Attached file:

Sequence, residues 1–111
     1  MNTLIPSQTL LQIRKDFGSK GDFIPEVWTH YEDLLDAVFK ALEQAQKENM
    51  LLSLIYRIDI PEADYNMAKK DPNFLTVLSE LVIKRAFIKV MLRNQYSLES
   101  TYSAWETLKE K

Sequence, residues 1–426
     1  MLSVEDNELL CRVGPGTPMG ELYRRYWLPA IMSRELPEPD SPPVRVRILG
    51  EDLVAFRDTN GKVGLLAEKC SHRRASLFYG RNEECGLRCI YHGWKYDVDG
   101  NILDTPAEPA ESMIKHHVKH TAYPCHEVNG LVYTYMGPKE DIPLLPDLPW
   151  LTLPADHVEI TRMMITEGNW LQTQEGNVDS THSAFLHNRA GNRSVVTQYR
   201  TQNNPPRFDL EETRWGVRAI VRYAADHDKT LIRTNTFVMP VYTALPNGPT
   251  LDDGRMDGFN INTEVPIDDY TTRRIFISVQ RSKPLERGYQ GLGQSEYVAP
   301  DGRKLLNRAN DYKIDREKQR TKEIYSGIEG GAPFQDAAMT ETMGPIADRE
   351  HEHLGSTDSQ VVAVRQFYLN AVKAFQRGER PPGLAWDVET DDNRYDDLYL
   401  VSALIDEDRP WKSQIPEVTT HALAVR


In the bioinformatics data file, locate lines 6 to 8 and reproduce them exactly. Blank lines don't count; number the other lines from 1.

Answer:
     1  MLSVEDNELL CRVGPGTPMG ELYRRYWLPA IMSRELPEPD SPPVRVRILG
    51  EDLVAFRDTN GKVGLLAEKC SHRRASLFYG RNEECGLRCI YHGWKYDVDG
   101  NILDTPAEPA ESMIKHHVKH TAYPCHEVNG LVYTYMGPKE DIPLLPDLPW